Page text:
Buddy Rich Trio – If I Were a Bell – Berlin Jazz Festival

Here is one of the few videos I’ve seen of Buddy playing in a trio setting. This one was at the Berlin Jazz Festival from the mid 1980s. It was during a section of the big band concert where they were showcasing the smaller trio. Playing with Buddy are Bill Cunliff on piano and the late Dave Carpenter on bass. They absolutely kill this version of “If I Were a Bell.”

Drumming Analysis: One of the musical attributes I love about Buddy is his superb ability to support as well as solo. During the start of Cunliff’s solo, Buddy lays down a simple yet beautiful swing ride beat with just a cross stick on beat four. On the second chorus of Cunliff’s solo, Buddy adds in the hi-hats on two and four and comps on the snare drum, perfectly supporting and building with the pianist. Buddy supports Carpenter’s bass solo nicely and then he trades some really musical eights with Cunliff.

I really dig how much fun Buddy looks like he is having while playing this tune. There are a few moments where it seems like buddy is channelling his inner-kid–most notably at 0:43. Another notable moment is Buddy’s signautre one handed roll at 5:18. Enjoy!

Dotted 8th Note Over Paradiddle Exercise (video)

Here’s a challenging drumming independence exercise that also sounds musical. It’s a sixteenth note paradiddle between the snare and kick drum where the right hand is replaced by the kick drum – KLKKLKLL – That frees the right hand–which is playing every third sixteenth note on the cymbal stack. The icing on the cake is adding eighth notes with the hi-hat pedal. However, since the pattern is rather busy I decided not to include the hi-hat foot in the notation.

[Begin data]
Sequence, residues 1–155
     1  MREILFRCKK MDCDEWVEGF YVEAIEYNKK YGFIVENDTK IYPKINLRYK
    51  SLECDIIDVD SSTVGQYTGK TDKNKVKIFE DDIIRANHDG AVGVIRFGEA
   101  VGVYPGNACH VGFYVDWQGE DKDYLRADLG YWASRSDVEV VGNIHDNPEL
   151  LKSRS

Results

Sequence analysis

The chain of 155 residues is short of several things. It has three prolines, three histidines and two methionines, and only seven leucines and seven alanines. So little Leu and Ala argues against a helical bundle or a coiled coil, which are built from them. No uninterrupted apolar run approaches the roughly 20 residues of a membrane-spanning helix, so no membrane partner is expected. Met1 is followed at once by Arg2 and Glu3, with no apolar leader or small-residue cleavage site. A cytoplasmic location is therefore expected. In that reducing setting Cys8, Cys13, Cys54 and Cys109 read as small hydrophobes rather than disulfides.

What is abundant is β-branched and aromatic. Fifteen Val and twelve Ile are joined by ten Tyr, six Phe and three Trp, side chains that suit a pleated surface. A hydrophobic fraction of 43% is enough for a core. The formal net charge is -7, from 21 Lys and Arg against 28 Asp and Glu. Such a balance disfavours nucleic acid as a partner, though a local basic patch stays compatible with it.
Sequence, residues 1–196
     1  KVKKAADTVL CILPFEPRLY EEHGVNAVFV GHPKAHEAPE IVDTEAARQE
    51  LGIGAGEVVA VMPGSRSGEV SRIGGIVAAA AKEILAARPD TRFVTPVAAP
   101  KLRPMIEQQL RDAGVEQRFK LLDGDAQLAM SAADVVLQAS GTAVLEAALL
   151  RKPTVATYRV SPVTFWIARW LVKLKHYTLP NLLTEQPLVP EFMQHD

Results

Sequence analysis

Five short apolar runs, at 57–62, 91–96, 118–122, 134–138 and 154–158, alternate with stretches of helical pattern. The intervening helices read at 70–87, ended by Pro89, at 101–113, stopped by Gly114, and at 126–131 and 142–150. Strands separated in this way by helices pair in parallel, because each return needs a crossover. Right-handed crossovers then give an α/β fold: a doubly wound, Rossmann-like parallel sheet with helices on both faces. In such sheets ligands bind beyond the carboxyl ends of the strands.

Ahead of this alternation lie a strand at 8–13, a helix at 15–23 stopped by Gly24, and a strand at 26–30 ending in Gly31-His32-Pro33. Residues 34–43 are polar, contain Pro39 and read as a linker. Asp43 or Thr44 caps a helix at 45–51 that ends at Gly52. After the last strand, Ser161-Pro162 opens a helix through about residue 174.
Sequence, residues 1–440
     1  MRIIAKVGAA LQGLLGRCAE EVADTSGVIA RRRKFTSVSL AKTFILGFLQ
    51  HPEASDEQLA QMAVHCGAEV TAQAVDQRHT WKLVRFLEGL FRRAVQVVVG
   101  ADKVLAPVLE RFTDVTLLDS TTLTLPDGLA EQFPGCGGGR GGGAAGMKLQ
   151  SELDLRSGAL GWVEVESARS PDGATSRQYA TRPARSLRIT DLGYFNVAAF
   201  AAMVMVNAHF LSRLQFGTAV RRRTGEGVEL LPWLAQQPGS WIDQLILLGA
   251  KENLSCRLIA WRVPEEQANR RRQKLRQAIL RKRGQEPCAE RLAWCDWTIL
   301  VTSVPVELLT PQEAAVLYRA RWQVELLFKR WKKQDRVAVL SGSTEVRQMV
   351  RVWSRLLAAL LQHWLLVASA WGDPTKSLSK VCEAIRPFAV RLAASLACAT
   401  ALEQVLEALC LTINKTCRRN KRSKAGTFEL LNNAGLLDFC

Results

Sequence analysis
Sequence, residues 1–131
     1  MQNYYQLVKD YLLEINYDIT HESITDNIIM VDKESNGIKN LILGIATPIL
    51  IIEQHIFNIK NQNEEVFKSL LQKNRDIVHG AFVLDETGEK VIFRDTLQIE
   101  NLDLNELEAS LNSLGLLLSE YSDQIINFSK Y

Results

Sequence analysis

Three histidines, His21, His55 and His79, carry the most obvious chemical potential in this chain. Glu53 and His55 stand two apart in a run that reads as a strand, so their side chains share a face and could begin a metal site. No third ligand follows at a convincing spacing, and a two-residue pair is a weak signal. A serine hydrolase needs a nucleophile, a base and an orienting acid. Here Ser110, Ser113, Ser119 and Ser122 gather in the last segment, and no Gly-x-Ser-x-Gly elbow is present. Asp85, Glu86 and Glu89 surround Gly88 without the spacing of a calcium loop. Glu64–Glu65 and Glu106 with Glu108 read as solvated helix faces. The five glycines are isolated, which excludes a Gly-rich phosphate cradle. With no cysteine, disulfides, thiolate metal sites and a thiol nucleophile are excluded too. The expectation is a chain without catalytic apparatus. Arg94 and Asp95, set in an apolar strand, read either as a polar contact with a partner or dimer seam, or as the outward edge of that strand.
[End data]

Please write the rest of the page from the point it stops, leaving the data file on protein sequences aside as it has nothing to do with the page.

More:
3-16 Hi-Hat Grooves

I’ve been working on a series of 3-16 grooves drum lesson videos. 3-16 simply refers to a grouping of three 16th notes. So for example, if we play continuous 16th notes in 4/4 time and accent every third sixteenth note we get an underlying pulse or phrase that resolves itself every three measures. This video demonstrates that idea by accenting every third 16th note on the high hat while keeping an underlying basic rock beat. Try counting out loud when practicing these exercises so you can hear the three note pattern in relationship to the time in four. The accents will always fall in this order: “downbeat”, “a”, “&”, “e” creating an over the bar line 3 measure phrase. This video is a great introduction for this type of playing. Download Lesson PDF

NAMM Show 2016

Thanks to the Vic Firth family for getting me to NAMM 2016! Here are some pictures of my experience from the show.

And these Evans ’56 Calftone heads are going to give REMO’s Vintage line of heads a run for their money…